How Mitochondria Make Energy
The process where mitochondria convert food and oxygen into energy is called cellular respiration. While this is a complicated process, here is a basic look at how it functions:
- The food we eat is broken down into carbon molecules.
- These carbon molecules enter the mitochondria and interact with positively-charged protons and negatively-charged electrons, ramping up their charge.
- Some protons and electrons couple with oxygen molecules and then leave the mitochondria, creating ATP (energy) in the process.
- This coupling process creates byproducts of CO2, reactive oxygen species (ROSs), and more.
- In certain cases, mitochondria also use ketones to make energy.3
Knowing the basics of this process is key to understanding mitochondrial uncoupling.
Mitochondrial uncoupling has been labelled as a key controller of biological processes in physiology and diseases, it can be defined as a dissociation between mitochondrial membrane potential generation and its use for mitochondria-dependent ATP synthesis. Mitochondrial uncoupling is a highly complex process and might be challenging to conceptualise by people with no scientific background. However, we don’t need to know the details to benefit from this promising capability of the human body.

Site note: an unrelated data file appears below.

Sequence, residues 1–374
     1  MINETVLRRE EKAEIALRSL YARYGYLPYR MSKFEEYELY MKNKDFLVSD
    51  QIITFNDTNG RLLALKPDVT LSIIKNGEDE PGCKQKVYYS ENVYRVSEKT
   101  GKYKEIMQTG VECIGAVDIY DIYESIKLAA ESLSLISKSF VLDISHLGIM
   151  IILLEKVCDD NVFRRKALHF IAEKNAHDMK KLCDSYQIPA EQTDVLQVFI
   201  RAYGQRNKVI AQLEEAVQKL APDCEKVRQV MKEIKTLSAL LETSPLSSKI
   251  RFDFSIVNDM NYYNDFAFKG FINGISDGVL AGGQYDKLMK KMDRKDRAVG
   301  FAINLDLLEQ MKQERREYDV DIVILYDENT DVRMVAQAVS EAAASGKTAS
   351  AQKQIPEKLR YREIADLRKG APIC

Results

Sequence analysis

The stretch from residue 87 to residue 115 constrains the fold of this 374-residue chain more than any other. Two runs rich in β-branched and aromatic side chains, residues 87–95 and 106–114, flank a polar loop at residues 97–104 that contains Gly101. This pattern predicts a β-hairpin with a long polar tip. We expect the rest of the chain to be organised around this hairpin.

In simple terms, since our mitochondria are extremely busy generating energy which is an arduous task for these tiny organelles, they face a serious issue called reactive oxygen species caused by our metabolic rate. Our mitochondria sacrifice their lives to generate energy for our cells.
Uncoupling simply means that more mitochondria are created to share the load of generating energy. The more mitochondria, which occurs when uncoupling, the greater capacity of which energy can be converted. Mitochondrial uncoupling is a interesting and useful tool we can use to experience the beneficial effects, why is this and how does it work.
When mitochondria starts to get overly crowded with charged particles, some of them will burst out to reduce the tension. Under certain circumstances, your cell will make more mitochondria (mitogenesis) to accommodate all of the particles looking to couple. To make this happen, your body uses ketones, fat stores, and unique proteins called uncoupling proteins.
Uncoupling proteins make it possible for uncoupled protons to leave mitochondria, burning calories in the process. Any process where electrons or protons leave the mitochondria without making ATP is called mitochondrial uncoupling.
What Cab Uncoupling Do For Us?
This concept has been discovered to be critical for our physical and mental health. According to distinguished scientists, by uncoupling our mitochondria, we might increase our quality of wellbeing and improve our chances of living longer. This is because of 3 main factors:
- Uncoupling “wastes calories” by allowing particles to leave mitochondria instead of making fuel.
- This protects mitochondrial health, as mitochondria with too many particles can be damaging.